If you’ve ever read a novel in one sitting, you know it’s a very different experience than nibbling your way through one over weeks or months or years. You’re dialed in. The characters are in your head—there’s no paging back to try to remember who’s who and where you are. The story is running through your veins in real time. You’re deep in that other world and pretty much out of this one. You’ve escaped.
Having someone read a great book to you, all in a go, is a rarer experience, but it can be just as good or better.
Very early on a Tuesday in August, before the sun lit the spires of downtown Chicago in my rearview mirror, I pushed play on the audiobook edition of John Steinbeck’s Travels with Charley, narrated by Gary Sinise. Charley is not a novel but a memoir—the closest thing Steinbeck ever wrote to an autobiography. Late in life, secure in his status as literary lion and American icon, Steinbeck decided he was a little bit of a fraud. He was familiar with Salinas California, where he grew up, and New York, where he now lived, but otherwise this voice of America didn’t know America; he’d never even visited the in-between bits.
So he decided, better late than never, to go check it out –East to West, and back again in a camper truck with his aging “French gentleman” poodle, Charley.
Turned out I was going part of that way too. So I decided to hitch a ride.
I was ironbutting it from Chicago to Rapid City, S.D. — from The Great Lakes to the heart of the Great Plains — deadheading the car back from a family road trip. Normally, on an epic driving day like that I’d graze the radio airwaves, sampling the local fare: the hucksters and the crooners and that guy with the paranormal show who comes on at night. Time passes pleasantly enough that way, but you’ve nothing to show for it at the end. Popcorn tailings at the bottom of the box and vague memories of a day that, ultimately, didn’t matter. But a deep dive into literature: that’s something that does matter.
And literature Travels with Charley most certainly is, even though it’s not the big chew that Steinbeck’s novels are. It’s funny and conversational, acutely observed and sparkling with great turns-of-phrase that make you want to write them down. That’s a problem when you’re driving. I had a reporter’s notebook open on the passenger seat and kept trying to jot bon mots on the tiny pages. But it was like trying to capture the river in a bucket — the more I aimed to profit from the experience, the less I was in it — and ultimately I put down the pen and just let the narrator weave his spell.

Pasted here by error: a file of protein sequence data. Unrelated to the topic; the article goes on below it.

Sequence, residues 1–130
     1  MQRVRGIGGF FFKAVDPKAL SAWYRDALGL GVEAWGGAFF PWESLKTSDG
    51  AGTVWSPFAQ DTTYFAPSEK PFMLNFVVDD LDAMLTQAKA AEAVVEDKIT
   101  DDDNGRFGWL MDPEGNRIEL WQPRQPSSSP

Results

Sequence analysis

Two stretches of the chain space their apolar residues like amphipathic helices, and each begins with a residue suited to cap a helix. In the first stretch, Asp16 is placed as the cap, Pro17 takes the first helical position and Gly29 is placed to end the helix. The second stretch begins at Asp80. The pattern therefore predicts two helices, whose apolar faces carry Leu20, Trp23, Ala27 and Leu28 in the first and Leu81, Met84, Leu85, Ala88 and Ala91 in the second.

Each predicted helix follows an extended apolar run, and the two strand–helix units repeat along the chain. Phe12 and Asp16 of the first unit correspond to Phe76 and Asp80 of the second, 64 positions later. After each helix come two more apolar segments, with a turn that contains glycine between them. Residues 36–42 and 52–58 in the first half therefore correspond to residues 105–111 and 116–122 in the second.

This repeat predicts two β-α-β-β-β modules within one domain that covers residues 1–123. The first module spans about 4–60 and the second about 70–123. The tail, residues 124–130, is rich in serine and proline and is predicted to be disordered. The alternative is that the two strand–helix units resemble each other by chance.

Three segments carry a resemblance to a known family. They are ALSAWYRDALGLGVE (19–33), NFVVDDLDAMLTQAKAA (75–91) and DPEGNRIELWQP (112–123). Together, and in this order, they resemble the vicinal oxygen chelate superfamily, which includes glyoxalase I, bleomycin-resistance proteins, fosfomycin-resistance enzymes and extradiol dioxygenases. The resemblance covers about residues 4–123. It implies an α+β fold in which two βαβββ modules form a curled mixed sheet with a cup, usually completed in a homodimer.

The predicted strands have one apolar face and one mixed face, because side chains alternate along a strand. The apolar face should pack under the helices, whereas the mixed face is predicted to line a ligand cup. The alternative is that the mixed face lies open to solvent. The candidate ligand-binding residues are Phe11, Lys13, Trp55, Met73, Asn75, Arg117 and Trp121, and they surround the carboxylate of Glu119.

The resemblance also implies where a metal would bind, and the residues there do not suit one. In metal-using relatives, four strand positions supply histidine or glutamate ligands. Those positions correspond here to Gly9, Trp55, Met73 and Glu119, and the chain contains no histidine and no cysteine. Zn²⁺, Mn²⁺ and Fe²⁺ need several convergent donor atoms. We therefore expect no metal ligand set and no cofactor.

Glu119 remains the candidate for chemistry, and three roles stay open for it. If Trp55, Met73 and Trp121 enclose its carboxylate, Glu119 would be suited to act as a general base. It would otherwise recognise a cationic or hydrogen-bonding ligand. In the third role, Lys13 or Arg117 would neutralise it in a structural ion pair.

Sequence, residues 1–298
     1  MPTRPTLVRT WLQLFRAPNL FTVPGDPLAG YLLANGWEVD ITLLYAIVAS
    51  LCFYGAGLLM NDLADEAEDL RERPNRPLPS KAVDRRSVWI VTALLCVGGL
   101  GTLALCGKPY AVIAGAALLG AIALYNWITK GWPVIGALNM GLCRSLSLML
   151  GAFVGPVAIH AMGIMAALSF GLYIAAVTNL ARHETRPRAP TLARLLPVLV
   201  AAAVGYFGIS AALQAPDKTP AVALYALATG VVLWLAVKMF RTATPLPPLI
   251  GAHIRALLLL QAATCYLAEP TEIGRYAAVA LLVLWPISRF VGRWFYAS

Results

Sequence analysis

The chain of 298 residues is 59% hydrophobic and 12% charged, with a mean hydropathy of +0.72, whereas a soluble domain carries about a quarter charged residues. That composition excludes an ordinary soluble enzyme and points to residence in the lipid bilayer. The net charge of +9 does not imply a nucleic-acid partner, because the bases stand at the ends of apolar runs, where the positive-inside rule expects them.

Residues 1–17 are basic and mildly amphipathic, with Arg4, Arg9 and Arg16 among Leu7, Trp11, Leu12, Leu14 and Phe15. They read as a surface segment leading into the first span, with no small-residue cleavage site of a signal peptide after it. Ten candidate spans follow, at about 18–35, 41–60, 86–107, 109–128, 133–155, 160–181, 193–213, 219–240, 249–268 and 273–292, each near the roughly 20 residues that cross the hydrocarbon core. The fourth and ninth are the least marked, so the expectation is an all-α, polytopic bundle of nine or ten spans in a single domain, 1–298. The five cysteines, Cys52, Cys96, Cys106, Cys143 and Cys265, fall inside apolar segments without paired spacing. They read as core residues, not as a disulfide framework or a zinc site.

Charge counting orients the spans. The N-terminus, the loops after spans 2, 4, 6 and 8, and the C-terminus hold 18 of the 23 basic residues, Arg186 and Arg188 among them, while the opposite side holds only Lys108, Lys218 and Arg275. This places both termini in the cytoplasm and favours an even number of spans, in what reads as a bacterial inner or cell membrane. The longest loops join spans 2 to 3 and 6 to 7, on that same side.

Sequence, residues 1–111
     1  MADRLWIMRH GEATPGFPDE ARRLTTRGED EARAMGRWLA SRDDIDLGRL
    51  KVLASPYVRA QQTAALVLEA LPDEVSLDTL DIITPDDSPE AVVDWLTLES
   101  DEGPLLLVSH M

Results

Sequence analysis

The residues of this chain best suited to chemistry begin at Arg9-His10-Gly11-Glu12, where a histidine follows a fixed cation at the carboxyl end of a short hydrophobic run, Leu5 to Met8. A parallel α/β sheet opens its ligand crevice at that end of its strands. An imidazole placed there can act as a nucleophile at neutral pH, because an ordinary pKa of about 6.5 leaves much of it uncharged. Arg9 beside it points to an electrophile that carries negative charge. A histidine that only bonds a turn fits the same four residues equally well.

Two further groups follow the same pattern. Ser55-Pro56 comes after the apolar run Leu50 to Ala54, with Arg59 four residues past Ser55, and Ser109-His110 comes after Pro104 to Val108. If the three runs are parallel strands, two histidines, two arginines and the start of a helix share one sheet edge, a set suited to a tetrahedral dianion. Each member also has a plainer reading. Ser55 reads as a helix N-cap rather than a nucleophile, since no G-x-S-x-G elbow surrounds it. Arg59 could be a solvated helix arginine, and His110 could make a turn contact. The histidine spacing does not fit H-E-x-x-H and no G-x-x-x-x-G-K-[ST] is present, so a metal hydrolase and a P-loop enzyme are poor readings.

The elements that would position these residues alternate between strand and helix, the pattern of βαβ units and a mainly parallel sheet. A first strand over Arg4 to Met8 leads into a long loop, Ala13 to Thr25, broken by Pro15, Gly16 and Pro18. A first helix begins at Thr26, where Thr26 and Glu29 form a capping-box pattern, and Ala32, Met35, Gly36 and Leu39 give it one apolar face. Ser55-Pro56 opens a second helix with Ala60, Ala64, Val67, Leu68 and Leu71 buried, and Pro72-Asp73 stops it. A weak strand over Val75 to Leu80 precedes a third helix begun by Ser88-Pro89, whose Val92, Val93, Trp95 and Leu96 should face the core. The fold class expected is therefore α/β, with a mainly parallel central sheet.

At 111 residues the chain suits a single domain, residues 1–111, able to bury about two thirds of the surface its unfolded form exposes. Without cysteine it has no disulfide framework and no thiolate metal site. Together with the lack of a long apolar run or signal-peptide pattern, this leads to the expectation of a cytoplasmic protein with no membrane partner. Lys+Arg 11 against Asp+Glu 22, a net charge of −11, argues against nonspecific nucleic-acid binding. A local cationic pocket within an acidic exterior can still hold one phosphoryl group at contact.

Let me just say that next time Lila wants a bedtime story, I’m going to farm the job out to Gary Sinise (maybe he would work for scale). No way Steinbeck would have read his own work better. You can see why so many audiobook narrators are actors rather than just voice actors. It’s almost athletic the way a great actor can bring a whole raft of characters to life: the fey son of a tough-as-nails Midwest restaurant owner, the poisonously racist school moms of the Deep South. Even Charley gets a voice here, world-weary and sardonic and perfect.
Down the I-90 we all went together. It was 1960 when Steinbeck made his journey, but even then the traffic on the newly created Interstate highway system was too much for him. He keeps getting caught in the tide of cars and, “like a weak swimmer,” edged further and further right, toward the breakdown lane. At one point he misses the exits for Minneapolis/St. Paul and just gives up on those cities. Me, I stayed in the middle lane, with the windows up and the a/c on, cruising and dreamy.
The architect Frank Lloyd Wright had a cunning strategy in his house design that he called “compression and expansion”: intentionally tight hallways make the rooms you emerge into feel bigger. Driving out of a big city into pastureland has the same effect. It’s like you’re suddenly adrift in infinite space.
In Wisconsin I was still ahead of Steinbeck. As dairy farms gave way to wind farms, he started catching up. At the Missouri River he passed me. And by the time I hit Badlands National Park he’d already been there and duly recorded the experience: a landscape “like the work of an evil child.”
Steinbeck was suffering from congestive heart disease even as he set out on his road trip, and after Charley was published in 1962 he only lived six more years. He put everything he had left into this book. I was glad to have just given myself over to it. But it meant that I didn’t have anything concrete to take away from this great day.
A solution beckoned.
By the time Steinbeck pulled into his own driveway in Sag Harbor, his voyage complete and the story wrapped in a bow as a gift to his country, it wasn’t even suppertime for me.
So I listened to Charley again.
And this time I took notes.